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The Star Of ‘Eighth Grade’ Is All Of Us In Middle School

Kayla is being raised by her single dad, who adores her with every fiber of his being, but just can’t figure out how to make her see what he sees in her.


Bo Burnham delivers nothing short of a classic in his directorial debut, “Eighth Grade,” which tells the story of thirteen-year-old Kayla Day. If you lived through middle school, your heart will melt for Kayla the moment she starts speaking.

She is smart, insightful, kind, and absolutely riddled with fear and anxiety. She nervously chatters to her YouTube channel viewers but can barely muster the nerve to speak when around her peers. Kayla is being raised by her single dad, who adores her with every fiber of his being, but just can’t figure out how to make her see what he sees in her.

She, like many of us at that age, pushes him away, yearning only for the acceptance of those who she holds on a pedestal, envious of their confidence and social standing. Kayla so beautifully and painfully represents that moment in our lives that we wish we could go back to and tell our thirteen-year-old selves, “None of this matters! It’s all going to be Okay!”

Kayla just doesn’t know how insignificant social standing in middle school is; so in the story we suffer with her as she encounters several setbacks, moments of desperation, and very few social victories. Her father, operating at an impressive level of dorky, watches Kayla suffer in insolent silence, heartbroken in his quest to show her how special she is.

The movie is poignant. Kayla’s worst moments are wholly felt, as are her moments of triumph. To get through “Eighth Grade” without shedding a tear would require a level of emotional fortitude that I do not possess. This movie is not just a superficial cry fest however, but a beautiful tale of the oft forgotten challenge of growing up. Kayla is much more than a character to feel sympathetic toward, she evokes a comforting reminder of the fact that even though we feel that we may be in a hopeless situation, and it can be impossible to see a happy future, things do get better.

Kayla is portrayed by Elsie Fisher in her first lead role. Fisher, who is fifteen at the time of this review, has found a way to connect with audiences that I have not before seen, and her part here should easily put her in the runnings for best actress. She is solidly supported by Josh Hamilton in the role of her father, Mark, and a wonderful cast of young actors, many in their feature debuts.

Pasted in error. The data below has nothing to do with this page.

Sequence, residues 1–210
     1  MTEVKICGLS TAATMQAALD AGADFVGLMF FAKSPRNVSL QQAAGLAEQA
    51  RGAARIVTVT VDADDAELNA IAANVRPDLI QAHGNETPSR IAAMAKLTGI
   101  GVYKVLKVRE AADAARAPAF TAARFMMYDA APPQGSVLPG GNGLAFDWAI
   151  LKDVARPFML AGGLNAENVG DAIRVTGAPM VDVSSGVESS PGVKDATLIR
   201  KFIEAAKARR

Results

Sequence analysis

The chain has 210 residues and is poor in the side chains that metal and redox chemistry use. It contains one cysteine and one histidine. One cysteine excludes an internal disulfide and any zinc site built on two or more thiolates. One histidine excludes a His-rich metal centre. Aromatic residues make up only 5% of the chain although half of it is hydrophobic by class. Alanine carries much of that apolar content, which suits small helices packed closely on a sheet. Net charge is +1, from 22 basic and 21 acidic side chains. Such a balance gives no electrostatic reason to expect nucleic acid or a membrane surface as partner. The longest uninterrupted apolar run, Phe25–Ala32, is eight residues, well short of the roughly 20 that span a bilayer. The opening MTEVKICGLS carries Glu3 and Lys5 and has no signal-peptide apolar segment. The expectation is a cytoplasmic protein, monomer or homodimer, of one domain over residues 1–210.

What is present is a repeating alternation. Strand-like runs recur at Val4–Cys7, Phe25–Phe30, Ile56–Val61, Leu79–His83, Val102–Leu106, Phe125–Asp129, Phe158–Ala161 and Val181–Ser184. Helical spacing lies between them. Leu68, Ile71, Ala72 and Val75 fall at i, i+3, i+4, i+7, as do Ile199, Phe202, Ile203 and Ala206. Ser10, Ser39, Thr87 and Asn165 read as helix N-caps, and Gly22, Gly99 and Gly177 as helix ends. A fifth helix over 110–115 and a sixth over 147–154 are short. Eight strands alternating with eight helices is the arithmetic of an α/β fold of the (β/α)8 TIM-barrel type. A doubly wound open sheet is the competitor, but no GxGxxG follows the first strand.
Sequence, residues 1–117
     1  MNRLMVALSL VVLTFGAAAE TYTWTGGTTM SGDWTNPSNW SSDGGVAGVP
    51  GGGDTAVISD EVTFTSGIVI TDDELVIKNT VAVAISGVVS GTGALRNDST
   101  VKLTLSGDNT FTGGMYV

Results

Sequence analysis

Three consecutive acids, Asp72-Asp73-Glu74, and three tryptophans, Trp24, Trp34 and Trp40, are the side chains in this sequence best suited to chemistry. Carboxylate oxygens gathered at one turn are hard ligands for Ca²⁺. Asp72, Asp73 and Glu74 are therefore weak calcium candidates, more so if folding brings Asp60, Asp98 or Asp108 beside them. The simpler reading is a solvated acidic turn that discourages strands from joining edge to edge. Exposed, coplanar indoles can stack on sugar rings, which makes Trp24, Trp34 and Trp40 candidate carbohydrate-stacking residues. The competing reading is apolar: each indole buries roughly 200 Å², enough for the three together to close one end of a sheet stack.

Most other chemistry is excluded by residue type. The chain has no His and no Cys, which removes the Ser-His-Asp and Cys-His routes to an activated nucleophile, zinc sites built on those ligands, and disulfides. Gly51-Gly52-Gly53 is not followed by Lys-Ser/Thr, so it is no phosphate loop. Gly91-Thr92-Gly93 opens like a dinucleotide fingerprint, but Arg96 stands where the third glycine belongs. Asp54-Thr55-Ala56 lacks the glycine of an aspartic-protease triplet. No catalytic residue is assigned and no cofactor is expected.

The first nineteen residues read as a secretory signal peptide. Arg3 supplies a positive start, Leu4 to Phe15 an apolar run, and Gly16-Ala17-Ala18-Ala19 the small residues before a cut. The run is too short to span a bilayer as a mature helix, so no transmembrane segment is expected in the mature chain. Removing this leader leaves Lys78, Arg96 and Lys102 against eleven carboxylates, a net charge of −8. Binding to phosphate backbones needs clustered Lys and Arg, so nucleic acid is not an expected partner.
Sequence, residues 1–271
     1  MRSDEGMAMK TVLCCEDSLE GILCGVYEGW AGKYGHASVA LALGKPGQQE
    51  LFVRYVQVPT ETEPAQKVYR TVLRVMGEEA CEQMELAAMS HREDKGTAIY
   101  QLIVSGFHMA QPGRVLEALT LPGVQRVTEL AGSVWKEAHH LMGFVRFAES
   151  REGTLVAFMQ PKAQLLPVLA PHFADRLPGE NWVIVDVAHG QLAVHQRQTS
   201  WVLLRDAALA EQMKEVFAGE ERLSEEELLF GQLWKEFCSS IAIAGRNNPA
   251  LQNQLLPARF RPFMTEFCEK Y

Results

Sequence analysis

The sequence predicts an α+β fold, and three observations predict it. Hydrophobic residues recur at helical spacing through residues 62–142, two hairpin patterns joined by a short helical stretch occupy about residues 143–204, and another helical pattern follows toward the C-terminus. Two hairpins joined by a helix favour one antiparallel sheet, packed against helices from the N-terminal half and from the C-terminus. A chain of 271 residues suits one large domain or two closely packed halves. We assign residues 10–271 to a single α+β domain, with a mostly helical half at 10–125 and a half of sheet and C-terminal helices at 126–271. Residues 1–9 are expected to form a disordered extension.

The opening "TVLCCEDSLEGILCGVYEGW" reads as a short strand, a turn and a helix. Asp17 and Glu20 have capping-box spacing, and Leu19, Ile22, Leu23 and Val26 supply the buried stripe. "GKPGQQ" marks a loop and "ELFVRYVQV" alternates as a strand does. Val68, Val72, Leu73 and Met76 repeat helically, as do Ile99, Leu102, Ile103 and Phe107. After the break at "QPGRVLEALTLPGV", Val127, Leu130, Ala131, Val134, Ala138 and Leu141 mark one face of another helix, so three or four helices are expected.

Burnham, who also wrote the script, began his career as a comedian and musician who gained fame through viral YouTube videos. His success online evolved into deals with Comedy Central, work with Judd Apatow, and many acting roles. At 27, Burnham has created a movie that goes far beyond the simple category of “coming of age,” and should prove a classic.

The one issue I have with the movie is on a practical level. Because of language and one suggestive, upsetting, and possibly triggering scene, “Eighth Grade” currently holds an “R” rating from the MPAA. This scene is the #MeToo moment for the movie, and while nothing salacious transpires, the threat of danger is certainly there. This scene makes the movie inaccessible to the middle school demographic that could possibly cherish it, but it would be hard to imagine sending a group of tweens to go see the movie without specific parental guidance. While I think that part of the storyline is very important, I would love to see a version released without it, so that Kayla’s story will not be limited to the adult population.

Burnham’s film joins an increasingly impressive string of recent films written and directed by relatively unknown, young filmmakers. The trend is heavily championed by indie studio A24, which boasts an impressive 24 Academy Award nominations since its inception in 2012. In addition to “Eighth Grade,” the studio has produced and distributed a number of films this year that are already generating Oscar buzz, including “First Reformed,” “Woman Walks Ahead,” and “Hereditary.” It truly seems to be a great time to be making thoughtful, well-crafted, soulful independent movies like this, and that’s a good thing.